Department of English and Applied Linguistics Faculty

Dr. Deborah L. Ross

Professor of English

 

Education:Ross

Ph.D.,  English, University of Rochester, 1980

BA, Literature, Kirkland College, 1975

Courses Frequently Taught:

WRI 1150  Literature and Argument

WRI 1200  Research, Argument, and Writing

WRI 1250  Intro to Research in the Humanities

ENG 2000   The Art of Literature

ENG 2500   World Literature

ENG 3100   Early British Literature

ENG 3102   British Literature after 1800

ENG 3250   Texts and Gender:  Women and Madness

ENG 3251   Sex, Power, and Narrative

ENG 4000   Textual Criticism

ENG 4901/2 Senior Thesis

ENG 4910  Senior Capstone Portfolio

Publications

 Book

The Excellence of Falsehood:  Romance, Realism, and Women’s Contribution to the Novel. Lexington: University Press of Kentucky, 1991.

Essays in Collections

“On the Trail of the Butterfly:  D. H. Hwang and Transformation,” in Beyond Adaptation, ed. Phyllis Frus and Christy Williams, McFarland and Co., 2010

“The Odyssey:  the Iliad’s Wife.”  Women in Literature:  Reading Through the Lens of Gender.  Ed.  Jerilyn Fisher and Ellen S. Silber.  Westport, CT:  Greenwood Press, 2003.  218-21.

“Pooh in America:  In which the Bear goes on a long explore and becomes altogether different.” Children’s Fantasy Fiction:  Debates for the Twenty-First Century.  Ed. Nickianne Moody and Clare Horrocks.  Liverpool:  The Association for Research in Popular Fictions and Liverpool John Moores University, 2005.  349-61.

Articles in Reference Books

“David Henry Hwang,” The Literary Encyclopedia (www.litencyc.com), 2011.  Updated July 2015.

Essays on novels of Charlotte Lennox.  Dictionary of British Literary Characters, vol. 1.  Facts on File, 1992.

Articles in Journals

"Miyazaki's Little Mermaid: A Goldfish Out of Water."  Journal of Film and Video, Fall 2014.

“Escape From Wonderland:  Disney and the Female Imagination.”  Marvels & Tales:  Journal of Fairy Tale Studies 18.1 (2004):  53-67.  Reprinted in McGraw-Hill Reader, 2014.

A Midsummer Night’s Dream:  ‘Very Tragical Mirth.’”  Q/W/E/R/T/Y:  Arts, Littératures & Civilisations du Monde Anglophone 12 (Oct. 2002):  21-23.

“Home by Tea-Time:  Fear of Imagination in Disney’s Alice in Wonderland.”  Classics in Film and Fiction. Film/Fiction 5 (2000):  207-227.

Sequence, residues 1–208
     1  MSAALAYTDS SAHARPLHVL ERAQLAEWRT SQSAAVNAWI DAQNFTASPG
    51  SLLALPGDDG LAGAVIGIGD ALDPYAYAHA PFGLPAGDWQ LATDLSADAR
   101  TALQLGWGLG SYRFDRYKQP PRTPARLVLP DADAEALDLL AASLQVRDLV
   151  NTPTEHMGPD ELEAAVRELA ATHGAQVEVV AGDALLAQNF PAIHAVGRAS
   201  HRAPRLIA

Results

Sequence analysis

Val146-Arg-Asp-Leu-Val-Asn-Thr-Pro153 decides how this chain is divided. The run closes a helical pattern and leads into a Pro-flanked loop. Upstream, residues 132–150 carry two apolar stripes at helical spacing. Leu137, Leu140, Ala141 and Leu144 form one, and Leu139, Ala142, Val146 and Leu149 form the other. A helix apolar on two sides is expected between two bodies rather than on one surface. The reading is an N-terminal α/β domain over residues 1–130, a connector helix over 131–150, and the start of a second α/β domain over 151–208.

“Mirror, Mirror:  The Didactic Dilemma of the Female Quixote.”  Studies in English Literature 27.3 (Summer 1987):  455-74.

Creative Work

Forthcoming: "Welcome Back, Richard, to the Crown and Anchor."  Dammit, I Love You (An Anthology). Brand Street Press, Fall 2015.

"Tautology."  Open Minds Quarterly, Fall 2015.

"Frommer's Historical Guide to Upstate New York."  Lost Orchard anthology.  SUNY Press, 2014.

"You!" Don'tmindme.com, 2011.

“My New Boyfriend,” Defenestration, August 2010

“A Tale of Two Sisters,” published on the Pen Women (website: http://www.nlapwhonolulu.org/contest.htm)

“Bad Company,” Stone’s Throw Magazine, March 2010

“The Haunted Piano,” CT Review, Spring 2008

“Trinity, or the Gospel According to Violet,” Inscribed:  A Magazine for Writers, Issue #4, 2008

“Rice Baby,” Hawai’i Pacific Review, 2008

Recent Conference Presentations:

"Phillis's Foul Linen: Sexual Disgust at the Turn of the Eighteenth Century."  Interdisciplinary Conference on Disgust, Canterbury, U.K. May 29, 2015.

Favorite Literary Quotations:

“Maternal love or maternal hatred, though the latter fortunately is most rare, is all the same to the inexorable principle of natural selection.”  Charles Darwin

“Men have had every advantage of us in telling their own story. Education has been theirs in so much higher a degree; the pen has been in their hands.  I will not allow books to prove anything.”  Jane Austen

“My old mother always used to say, my lord, that facts are like cows. If you stare them in the face hard enough, they generally run away.”  Dorothy L. Sayers